Interactive learning quests, book reviews, lesson plans, teacher tools and technology tips for teachers.
Jessie is a historical fiction that follows the lives of the Cole family as they are removed from their home on Merritt Island, Florida to make way for the growing manned space flight program. They relocate across the Indian River to the small town of Indian River City where the four teenage boys must learn to cope with a new school, bullies, social changes, and family separation as they watch with anticipation America’s race to the moon.
I was born the same time the Space Shuttle program was ramping up, and nearly ever kid I knew had at least one parent working at the Space Center. I will never forget the day we watched the Challenger launch and knew the instant it had all gone wrong. The announcement of the end of the program was heartbreaking, but it gave me the spark to jump back in time to see how our space adventure started. I had a basic knowledge of the Mercury, Gemini, and Apollo missions, but my research gave me a new appreciation for the men and women who took a leap of faith and invested themselves so passionately into creating new technology. This story focuses on the astronauts, but every person who worked behind the scenes was just as important, as those brave enough to climb atop the rockets and race into the sky.
In a time when we take for granted so much of the technology we have, I hope this story will reawaken a desire to learn more, to strive for new frontiers, and open our eyes to strength of our own dreams. I kept a list of the he resources I used and I’m happy to share them with you. I hope you will find them as inspiring as I do.
I did a great deal of research for this book. There are a number of books I would recommend as additional reading:
A history of Kennedy Space Center by Kenneth Lipartito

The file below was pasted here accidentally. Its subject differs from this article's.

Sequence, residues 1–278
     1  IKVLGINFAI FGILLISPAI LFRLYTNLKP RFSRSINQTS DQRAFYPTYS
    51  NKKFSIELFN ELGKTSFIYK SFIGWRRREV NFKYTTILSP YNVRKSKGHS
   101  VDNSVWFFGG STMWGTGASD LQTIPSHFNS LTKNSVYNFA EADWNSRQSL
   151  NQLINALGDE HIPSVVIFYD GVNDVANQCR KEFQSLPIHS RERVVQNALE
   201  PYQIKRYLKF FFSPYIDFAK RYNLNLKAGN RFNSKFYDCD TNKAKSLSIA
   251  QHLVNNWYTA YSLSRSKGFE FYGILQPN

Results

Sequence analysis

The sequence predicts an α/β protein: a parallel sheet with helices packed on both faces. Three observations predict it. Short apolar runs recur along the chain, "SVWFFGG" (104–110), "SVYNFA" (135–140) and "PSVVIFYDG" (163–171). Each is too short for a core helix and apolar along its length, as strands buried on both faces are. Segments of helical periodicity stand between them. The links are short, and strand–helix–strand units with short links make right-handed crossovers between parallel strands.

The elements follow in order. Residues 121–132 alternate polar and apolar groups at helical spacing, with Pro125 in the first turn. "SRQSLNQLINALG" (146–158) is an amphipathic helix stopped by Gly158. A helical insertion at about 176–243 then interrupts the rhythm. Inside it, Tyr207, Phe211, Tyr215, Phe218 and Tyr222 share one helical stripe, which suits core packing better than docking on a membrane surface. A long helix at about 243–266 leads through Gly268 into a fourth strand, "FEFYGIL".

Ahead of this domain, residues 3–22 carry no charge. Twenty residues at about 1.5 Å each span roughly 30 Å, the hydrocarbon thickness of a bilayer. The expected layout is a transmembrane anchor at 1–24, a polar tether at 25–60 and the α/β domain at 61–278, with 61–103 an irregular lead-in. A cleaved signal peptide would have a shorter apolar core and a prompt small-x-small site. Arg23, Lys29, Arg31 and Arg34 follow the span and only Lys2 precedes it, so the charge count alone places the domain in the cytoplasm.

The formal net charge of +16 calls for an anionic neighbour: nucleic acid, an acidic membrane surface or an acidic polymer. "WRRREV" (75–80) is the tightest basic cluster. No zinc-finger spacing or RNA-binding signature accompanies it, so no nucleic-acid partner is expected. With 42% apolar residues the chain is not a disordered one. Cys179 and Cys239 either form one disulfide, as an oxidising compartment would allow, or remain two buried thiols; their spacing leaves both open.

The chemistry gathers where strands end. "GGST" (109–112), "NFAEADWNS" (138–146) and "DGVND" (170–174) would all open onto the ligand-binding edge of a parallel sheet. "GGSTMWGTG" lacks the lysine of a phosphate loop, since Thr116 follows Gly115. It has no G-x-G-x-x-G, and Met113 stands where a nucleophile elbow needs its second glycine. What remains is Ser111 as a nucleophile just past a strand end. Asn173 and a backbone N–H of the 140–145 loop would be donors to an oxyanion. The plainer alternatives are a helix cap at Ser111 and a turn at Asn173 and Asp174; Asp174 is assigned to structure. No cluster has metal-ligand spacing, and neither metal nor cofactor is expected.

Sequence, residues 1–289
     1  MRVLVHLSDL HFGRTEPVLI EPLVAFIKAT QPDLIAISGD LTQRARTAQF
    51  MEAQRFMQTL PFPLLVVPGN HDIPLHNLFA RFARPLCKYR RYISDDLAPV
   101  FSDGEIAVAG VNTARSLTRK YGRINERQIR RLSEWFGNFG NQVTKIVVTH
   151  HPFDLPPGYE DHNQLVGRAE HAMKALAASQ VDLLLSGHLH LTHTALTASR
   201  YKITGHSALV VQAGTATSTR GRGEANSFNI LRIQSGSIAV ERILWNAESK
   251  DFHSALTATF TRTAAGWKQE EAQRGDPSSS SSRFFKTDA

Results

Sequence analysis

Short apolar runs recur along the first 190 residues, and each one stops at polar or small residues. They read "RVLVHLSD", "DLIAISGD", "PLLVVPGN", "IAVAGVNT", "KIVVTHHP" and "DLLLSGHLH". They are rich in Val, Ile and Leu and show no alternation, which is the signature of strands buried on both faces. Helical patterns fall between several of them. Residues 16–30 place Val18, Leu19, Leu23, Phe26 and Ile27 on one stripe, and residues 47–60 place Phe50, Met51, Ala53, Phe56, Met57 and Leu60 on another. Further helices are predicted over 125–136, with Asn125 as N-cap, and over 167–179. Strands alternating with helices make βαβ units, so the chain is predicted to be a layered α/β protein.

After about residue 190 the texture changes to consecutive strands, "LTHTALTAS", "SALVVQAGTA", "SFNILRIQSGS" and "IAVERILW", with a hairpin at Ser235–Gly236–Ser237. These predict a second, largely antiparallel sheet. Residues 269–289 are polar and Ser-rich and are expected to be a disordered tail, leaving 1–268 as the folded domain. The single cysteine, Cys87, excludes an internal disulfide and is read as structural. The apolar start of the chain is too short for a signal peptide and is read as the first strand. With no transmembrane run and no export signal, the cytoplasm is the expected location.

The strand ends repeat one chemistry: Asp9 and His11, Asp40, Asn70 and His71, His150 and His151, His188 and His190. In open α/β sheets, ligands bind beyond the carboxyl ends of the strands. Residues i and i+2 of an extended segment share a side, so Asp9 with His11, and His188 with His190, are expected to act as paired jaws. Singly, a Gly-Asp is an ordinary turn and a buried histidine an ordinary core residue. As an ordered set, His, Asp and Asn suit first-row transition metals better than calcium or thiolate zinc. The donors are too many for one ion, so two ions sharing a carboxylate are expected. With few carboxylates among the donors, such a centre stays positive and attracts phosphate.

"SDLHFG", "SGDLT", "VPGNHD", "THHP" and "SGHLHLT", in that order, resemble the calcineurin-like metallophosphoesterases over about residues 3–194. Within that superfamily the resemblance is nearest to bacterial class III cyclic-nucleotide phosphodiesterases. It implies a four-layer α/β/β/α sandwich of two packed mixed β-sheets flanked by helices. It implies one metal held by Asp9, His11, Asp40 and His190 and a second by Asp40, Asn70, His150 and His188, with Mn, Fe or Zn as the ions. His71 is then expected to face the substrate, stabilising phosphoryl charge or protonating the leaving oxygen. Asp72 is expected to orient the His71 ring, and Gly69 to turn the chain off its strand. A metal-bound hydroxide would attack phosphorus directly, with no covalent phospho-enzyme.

Brevard: On the Edge of Sea and Space by Elaine Murray Stone
History of Brevard County, Volume 2 by Jerrell H. Shofner
Moon Launch! A History of the Saturn-Apollo Launch Operations by Charles D. Benson
Memories of Merritt Island by Gail Briggs Nolen
My two personal favorites were:
Gemini! A Personal Account of Man’s Venture Into Space by Virgil “Gus” Grissom.
Jay Barbree also recently released a book on Neil Armstrong that I am greatly enjoying.
I had the chance to tour Cape Canaveral Air Force Station.to see the original launch sites used during the Mercury, Gemini, and Apollo days.
I saved many of the videos I used for research on my YouTube channel, including original news footage of launches and even the Apollo 11 moon landing.
Of course I used the NASA.gov website extensively as well as archive.org for audio of misson control during the launches. NASA also has a website for educators and students to learn more about what is going on now with the International Space station, aeronautics, aviation, black holes, constellations, and more.
Rebekah Lyn is a popular Indie writer with a strong following of loyal readers who enjoy her inspirational novels of Faith, Adventure, and Hope. She is a Christian with a heart for new beginnings, and her desire is to reflect that in each of her books.
She received her Bachelors degree in Communications from Jacksonville University, Jacksonville, Florida and her career immediately introduced her into the life of event planning, media coordinator, and client interaction. She has been employed for nearly 20 years by a Fortune 500 corporation in Orlando.
Rebekah is a sandal-loving native Floridian, growing up in Titusville, Florida, within sight of the Kennedy Space Center. This was an exciting time to live on the Space Coast, with launches taking place on a regular basis. Growing up, the best place to watch a launch was at the edge of the Indian River, just blocks from Rebekahʼs home.